New Hampshire receives national attention for its “first in the nation” presidential primary, but this year, it could decide control of the U.S. Senate, and the race is extremely close. But don’t take my word for it. Incumbent Democratic Sen. Maggie Hassan’s campaign declared in a strategy memo that I am, “well on my way to making this a tied race.”
Senator Hassan has good reason to be nervous. She won her first campaign for Senate by 1,017 votes six years ago — a margin of approximately 0.14% — promising to be an independent voice for New Hampshire. Since then, she has been a reliable party-line vote in Washington, siding with President Joe Biden 97% of the time. (RELATED: HICKS: Two Former AGs Are Duking It Out For A Key Senate Seat. Their Track Records Couldn’t Be More Different)
“Rather than run on her record, Hassan has resorted to the tired Democratic playbook of scare tactics and attack ads. Even the Washington Post fact checker has declared Democrat attacks in other races on this topic as “false,” as it is in New Hampshire.” She has lied again by saying I support a national abortion ban, another demonstrably false allegation. Yes, I am proudly pro-life, but believe the issue is best decided on a state-by-state basis (as we have in New Hampshire) rather than politicians in Washington D.C.
I have been clear that I oppose Sen. Lindsey Graham’s proposed federal ban.
Hassan has already spent more than $23 million dollars distorting my record, and yet the race remains competitive. Once again, the incumbent’s actions are revealing.
Hassan has always had a low-key presence in New Hampshire. She is not holding town hall meetings and is ducking general election debates, hiding from her constituents. I have proposed seven debates, she has so far only been willing to attend three, including one with left-leaning NHPR where she will have the home field advantage.
Granite Staters expect and deserve more from their elected officials. We are a small state where retail politics remain paramount. I won my primary campaign without spending a cent on television ads.
Instead, I prioritized town hall meetings, holding 50 to discuss my American Strength Agenda. It’s my strategy in the general election as well.
Along the way, I’ve met some incredible people and heard directly about what’s on their mind. I’ve talked to seniors who are being forced back to work because inflation has squeezed their financial well-being.
I’ve met families who have no idea how to afford soaring utility bills. Over the summer, Eversource‘s energy service rate rose by 112% while Liberty Utilities‘ rate increased 100%. Rather than providing long-term solutions, applications for “emergency energy assistance” are the short-term band aid.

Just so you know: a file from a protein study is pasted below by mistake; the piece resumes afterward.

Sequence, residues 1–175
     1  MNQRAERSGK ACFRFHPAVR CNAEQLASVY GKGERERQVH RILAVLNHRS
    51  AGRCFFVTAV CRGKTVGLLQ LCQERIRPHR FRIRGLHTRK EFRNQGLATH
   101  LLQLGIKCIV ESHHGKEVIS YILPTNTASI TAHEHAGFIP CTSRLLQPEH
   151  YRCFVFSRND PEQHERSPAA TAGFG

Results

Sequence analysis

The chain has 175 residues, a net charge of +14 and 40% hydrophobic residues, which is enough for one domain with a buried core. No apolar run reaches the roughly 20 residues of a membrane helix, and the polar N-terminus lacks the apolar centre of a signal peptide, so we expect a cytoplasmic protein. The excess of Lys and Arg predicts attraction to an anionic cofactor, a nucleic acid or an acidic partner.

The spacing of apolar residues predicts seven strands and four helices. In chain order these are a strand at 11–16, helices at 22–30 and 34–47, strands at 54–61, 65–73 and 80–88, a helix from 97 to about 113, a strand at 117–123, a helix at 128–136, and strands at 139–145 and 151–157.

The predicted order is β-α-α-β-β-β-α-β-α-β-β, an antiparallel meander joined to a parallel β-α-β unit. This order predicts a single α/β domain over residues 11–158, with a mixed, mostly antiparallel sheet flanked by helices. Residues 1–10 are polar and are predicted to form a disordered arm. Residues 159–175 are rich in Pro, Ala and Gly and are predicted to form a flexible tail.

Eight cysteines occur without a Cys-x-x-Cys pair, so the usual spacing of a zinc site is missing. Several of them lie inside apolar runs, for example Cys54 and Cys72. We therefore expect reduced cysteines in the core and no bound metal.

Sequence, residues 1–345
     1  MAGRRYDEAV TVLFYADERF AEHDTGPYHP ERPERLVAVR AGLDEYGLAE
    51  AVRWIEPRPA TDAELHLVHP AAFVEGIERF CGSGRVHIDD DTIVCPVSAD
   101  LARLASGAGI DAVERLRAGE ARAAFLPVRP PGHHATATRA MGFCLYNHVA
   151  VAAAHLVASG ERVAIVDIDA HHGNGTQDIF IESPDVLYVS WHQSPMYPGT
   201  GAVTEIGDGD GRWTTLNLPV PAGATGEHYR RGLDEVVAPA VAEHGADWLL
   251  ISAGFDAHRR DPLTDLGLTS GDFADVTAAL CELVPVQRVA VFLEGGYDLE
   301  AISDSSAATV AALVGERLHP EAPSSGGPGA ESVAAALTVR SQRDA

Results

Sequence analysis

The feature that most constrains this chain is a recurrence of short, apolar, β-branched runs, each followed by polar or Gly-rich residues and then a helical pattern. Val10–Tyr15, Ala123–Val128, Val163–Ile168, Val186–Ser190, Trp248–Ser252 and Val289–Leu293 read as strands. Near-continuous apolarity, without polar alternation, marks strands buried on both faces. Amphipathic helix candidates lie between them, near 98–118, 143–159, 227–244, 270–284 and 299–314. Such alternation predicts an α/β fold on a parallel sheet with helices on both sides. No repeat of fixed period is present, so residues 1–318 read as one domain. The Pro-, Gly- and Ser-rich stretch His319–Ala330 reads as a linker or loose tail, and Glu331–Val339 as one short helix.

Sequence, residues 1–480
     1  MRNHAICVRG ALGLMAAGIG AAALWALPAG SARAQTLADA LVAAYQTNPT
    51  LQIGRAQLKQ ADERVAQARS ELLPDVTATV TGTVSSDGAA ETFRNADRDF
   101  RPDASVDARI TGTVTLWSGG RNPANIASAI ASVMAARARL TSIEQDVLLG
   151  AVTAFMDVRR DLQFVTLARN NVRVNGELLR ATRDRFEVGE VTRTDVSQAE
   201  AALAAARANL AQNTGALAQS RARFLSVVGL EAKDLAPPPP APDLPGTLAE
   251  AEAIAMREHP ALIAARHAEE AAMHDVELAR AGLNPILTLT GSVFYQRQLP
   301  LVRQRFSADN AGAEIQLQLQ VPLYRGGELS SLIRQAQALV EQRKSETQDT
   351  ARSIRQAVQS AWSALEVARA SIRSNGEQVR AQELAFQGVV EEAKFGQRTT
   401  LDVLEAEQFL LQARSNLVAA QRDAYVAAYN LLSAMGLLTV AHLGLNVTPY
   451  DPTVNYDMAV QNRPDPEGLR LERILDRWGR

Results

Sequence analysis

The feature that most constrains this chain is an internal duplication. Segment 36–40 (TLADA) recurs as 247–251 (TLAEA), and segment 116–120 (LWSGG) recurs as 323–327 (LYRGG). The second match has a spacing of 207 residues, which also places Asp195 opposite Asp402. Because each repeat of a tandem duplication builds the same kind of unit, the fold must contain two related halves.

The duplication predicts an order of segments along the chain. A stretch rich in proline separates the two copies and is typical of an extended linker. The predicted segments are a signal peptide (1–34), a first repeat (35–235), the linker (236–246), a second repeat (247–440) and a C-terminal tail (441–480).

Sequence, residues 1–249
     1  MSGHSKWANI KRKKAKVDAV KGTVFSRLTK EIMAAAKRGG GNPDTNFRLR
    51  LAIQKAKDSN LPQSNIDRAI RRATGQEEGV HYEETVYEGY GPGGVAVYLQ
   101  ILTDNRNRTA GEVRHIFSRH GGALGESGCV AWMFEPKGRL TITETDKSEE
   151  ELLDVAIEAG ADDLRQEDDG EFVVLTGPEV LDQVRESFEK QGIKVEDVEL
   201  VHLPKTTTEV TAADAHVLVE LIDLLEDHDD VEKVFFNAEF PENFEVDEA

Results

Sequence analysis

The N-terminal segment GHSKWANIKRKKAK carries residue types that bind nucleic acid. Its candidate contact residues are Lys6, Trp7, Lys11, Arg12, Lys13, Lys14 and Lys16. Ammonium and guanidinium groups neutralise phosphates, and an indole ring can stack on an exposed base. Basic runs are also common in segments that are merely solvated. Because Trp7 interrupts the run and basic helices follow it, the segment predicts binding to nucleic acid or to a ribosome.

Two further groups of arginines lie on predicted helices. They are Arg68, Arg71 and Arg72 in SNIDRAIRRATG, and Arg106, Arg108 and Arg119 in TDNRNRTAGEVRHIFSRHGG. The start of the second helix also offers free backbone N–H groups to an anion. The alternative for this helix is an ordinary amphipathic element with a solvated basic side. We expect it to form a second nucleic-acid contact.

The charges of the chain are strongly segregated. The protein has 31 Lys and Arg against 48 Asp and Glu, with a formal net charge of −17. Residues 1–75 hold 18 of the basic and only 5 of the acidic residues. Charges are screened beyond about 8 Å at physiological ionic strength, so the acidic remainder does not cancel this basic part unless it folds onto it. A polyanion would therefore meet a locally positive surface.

After two long years of lockdowns, I’ve heard from the people who feel their rights and freedoms are at stake in the election — something that two-thirds of voters believe at the national level, according to a recent CBS News survey. Faith in once impeccable institutions has eroded.
While my opponent relies on highly produced television ads and glitzy mailers lying about my record, I’ll put my faith in the people. Liberals have a way of underestimating voters’ ability to cut through the noise, especially in New Hampshire. Authenticity still matters.
Looking someone in the eye in a diner, VFW, coffee shop or living room still counts. There’s a reason Hassan can’t do it – her record is indefensible, and her vision is indistinguishable from the hard left.
To be sure, the general election polls will take time to tighten up, a byproduct of our late primary. This year, there were only eight weeks between primary and general election contests. But as Hassan’s team noted in her strategy memo, I am “quickly consolidating” Republican voters, and polls in New England do not have a good track record. Just look at Sen. Susan Collins in 2020, who won her re-election easily without ever leading in a public poll.
For anyone wondering about my chances, come up to New Hampshire and see for yourself. Maybe attend a town hall meeting.
With the leaves changing, the Patriots playing and politics in the air, our state is a nice place to be in in the fall. This year, New Hampshire might just decide control of the Senate next year.
A retired brigadier general, Don Bolduc is the Republican nominee for the United States Senate in New Hampshire.
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